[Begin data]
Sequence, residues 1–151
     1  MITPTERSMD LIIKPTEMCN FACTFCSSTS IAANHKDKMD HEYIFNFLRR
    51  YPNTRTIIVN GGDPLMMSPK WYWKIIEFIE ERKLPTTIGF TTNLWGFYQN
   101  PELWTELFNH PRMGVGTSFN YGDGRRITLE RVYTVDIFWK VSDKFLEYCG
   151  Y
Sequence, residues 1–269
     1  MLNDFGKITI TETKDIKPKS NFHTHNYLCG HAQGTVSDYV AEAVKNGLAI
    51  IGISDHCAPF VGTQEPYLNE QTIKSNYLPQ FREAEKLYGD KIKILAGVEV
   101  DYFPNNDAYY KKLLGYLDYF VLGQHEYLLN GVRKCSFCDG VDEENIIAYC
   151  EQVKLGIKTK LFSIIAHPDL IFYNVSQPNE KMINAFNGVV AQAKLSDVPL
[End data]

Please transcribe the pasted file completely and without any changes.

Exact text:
Sequence, residues 1–151
     1  MITPTERSMD LIIKPTEMCN FACTFCSSTS IAANHKDKMD HEYIFNFLRR
    51  YPNTRTIIVN GGDPLMMSPK WYWKIIEFIE ERKLPTTIGF TTNLWGFYQN
   101  PELWTELFNH PRMGVGTSFN YGDGRRITLE RVYTVDIFWK VSDKFLEYCG
   151  Y
Sequence, residues 1–269
     1  MLNDFGKITI TETKDIKPKS NFHTHNYLCG HAQGTVSDYV AEAVKNGLAI
    51  IGISDHCAPF VGTQEPYLNE QTIKSNYLPQ FREAEKLYGD KIKILAGVEV
   101  DYFPNNDAYY KKLLGYLDYF VLGQHEYLLN GVRKCSFCDG VDEENIIAYC
   151  EQVKLGIKTK LFSIIAHPDL IFYNVSQPNE KMINAFNGVV AQAKLSDVPL